Washington Post Poll: DC-Region Traffic Poll, January 2005 (ICPSR 4316)

Version Date: Apr 25, 2007 View help for published

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The Washington Post



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This special topic poll, fielded January 27-31, 2005, was undertaken to assess public opinion on traffic congestion in the Washington, DC, area. Respondents who commuted in the greater Washington, DC, area were asked about traffic conditions in the region, their primary means of transportation to and from work, the length of their commute, what they liked and disliked most about their commute, and whether they had ever relocated or adjusted their work schedule to improve their commute. Those polled rated the different types of public transportation available in the area, how often they used the Metrorail subway system, and why they did not ride it more often. Views were sought on proposals to expand the Metrorail system and build new highways in the area, sources of funding for transportation projects, and whether measures such as high occupancy vehicle lanes, adjustable tolls, and building new roads were effective in easing traffic congestion. Respondents were also asked about the type of vehicle they drove, how often they traveled by car, how much time they spent driving, and how often driving invoked feelings such as independence, relaxation, and anger. A series of questions asked respondents how often they and others were guilty of behaviors such as speeding or road rage, and whether they engaged in activities such as eating or reading while driving. Additional topics addressed the use of automatic cameras at traffic lights and stop signs and whether existing traffic laws were too tough on teenage drivers. Demographic variables included sex, age, race, household income, education level, and political party affiliation.

The Washington Post. Washington Post Poll: DC-Region Traffic Poll, January 2005. Ann Arbor, MI: Inter-university Consortium for Political and Social Research [distributor], 2007-04-25. https://doi.org/10.3886/ICPSR04316.v1

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2005-01-27 -- 2005-01-31
(1) The data available for download are not weighted, and users will need to weight the data prior to analysis. (2) Additional information about sampling, interviewing, and sampling error may be found in the codebook. (3) Original reports using these data may be found via the Washington Post Opinion Surveys and Polls Web site. (4) System-missing values were recoded to -1. (5) The FIPS variable was recoded for confidentiality. (6) Value labels for unknown codes were added in the variable MSA. (7) According to the data collection instrument, code 3 in the variable Q909 also included respondents who answered that they had attended a technical school. (8) The CASEID variable was created for use with online analysis.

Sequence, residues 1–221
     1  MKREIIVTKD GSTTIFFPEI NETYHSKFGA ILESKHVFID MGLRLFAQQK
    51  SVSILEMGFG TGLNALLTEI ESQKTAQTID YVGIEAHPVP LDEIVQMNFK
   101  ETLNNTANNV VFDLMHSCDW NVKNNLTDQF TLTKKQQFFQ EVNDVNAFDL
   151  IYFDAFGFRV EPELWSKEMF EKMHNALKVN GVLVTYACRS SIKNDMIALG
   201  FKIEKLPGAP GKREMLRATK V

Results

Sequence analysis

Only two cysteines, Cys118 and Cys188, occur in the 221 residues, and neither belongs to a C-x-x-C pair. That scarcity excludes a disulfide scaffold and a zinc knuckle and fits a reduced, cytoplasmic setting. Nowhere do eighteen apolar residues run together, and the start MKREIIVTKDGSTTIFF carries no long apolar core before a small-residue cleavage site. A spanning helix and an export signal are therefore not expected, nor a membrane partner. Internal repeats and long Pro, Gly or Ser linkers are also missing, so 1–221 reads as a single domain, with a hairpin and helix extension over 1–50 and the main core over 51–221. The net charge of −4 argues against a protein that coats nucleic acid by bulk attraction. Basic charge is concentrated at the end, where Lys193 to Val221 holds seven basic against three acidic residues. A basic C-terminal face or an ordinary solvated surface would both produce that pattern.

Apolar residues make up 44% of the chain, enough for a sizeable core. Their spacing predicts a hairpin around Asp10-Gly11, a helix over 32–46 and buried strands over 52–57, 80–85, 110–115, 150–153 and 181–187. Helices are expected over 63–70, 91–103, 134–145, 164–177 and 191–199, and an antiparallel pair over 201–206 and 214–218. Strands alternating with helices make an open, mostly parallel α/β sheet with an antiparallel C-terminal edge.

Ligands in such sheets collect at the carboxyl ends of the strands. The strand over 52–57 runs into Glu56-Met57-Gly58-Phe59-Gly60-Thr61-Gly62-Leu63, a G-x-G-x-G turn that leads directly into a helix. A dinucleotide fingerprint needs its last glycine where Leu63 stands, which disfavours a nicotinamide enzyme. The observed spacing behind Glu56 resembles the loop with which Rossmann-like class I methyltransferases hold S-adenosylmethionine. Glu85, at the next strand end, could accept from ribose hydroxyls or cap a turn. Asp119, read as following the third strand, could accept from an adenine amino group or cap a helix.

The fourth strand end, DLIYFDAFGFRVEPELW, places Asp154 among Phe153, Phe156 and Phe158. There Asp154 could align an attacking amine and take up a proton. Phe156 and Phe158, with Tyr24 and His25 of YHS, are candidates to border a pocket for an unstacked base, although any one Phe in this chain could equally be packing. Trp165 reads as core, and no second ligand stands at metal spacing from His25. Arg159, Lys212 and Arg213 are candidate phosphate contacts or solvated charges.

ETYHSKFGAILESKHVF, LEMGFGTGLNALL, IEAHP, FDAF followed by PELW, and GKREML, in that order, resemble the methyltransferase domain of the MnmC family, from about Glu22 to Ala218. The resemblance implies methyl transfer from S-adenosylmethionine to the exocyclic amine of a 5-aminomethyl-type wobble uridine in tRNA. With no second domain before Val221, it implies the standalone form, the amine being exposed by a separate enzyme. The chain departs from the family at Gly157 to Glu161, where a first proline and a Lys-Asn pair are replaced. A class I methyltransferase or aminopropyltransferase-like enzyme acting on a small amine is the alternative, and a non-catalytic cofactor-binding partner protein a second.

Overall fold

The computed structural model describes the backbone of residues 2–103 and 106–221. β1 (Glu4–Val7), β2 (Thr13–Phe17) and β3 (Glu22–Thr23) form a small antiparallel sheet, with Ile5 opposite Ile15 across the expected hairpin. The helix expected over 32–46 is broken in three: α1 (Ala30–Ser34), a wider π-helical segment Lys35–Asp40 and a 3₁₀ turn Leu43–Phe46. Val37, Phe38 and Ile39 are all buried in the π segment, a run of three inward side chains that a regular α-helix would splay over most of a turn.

Households were selected by random-digit dialing. Within households, the respondent selected was the adult living in the household who last had a birthday and who was home at the time of the interview.

Persons aged 18 and over living in households with telephones in Virginia, Maryland, and the District of Columbia.

survey data


2018-02-15 The citation of this study may have changed due to the new version control system that has been implemented. The previous citation was:
  • The Washington Post. WASHINGTON POST POLL: DC-REGION TRAFFIC POLL, JANUARY 2005. ICPSR04316-v1. Horsham, PA: Taylor Nelson Sofres Intersearch [producer], 2005. Ann Arbor, MI:Inter-university Consortium for Political and Social Research [distributor], 2007-04-25. http://doi.org/10.3886/ICPSR04316.v1

2007-04-25 ICPSR data undergo a confidentiality review and are altered when necessary to limit the risk of disclosure. ICPSR also routinely creates ready-to-go data files along with setups in the major statistical software formats as well as standard codebooks to accompany the data. In addition to these procedures, ICPSR performed the following processing steps for this data collection:

  • Created online analysis version with question text.

The data contain a weight variable (WEIGHT) that should be used in analyzing the data. The data were weighted using demographic information from the Census to adjust for sampling and non-sampling deviations from population values. Respondents customarily were classified into one of 48 cells based on age, race, sex, and education. Weights were assigned so the proportion in each of these 48 cells matched the actual population proportion according to the Census Bureau's most recent Current Population Survey.


  • Data in this collection are available only to users at ICPSR member institutions.

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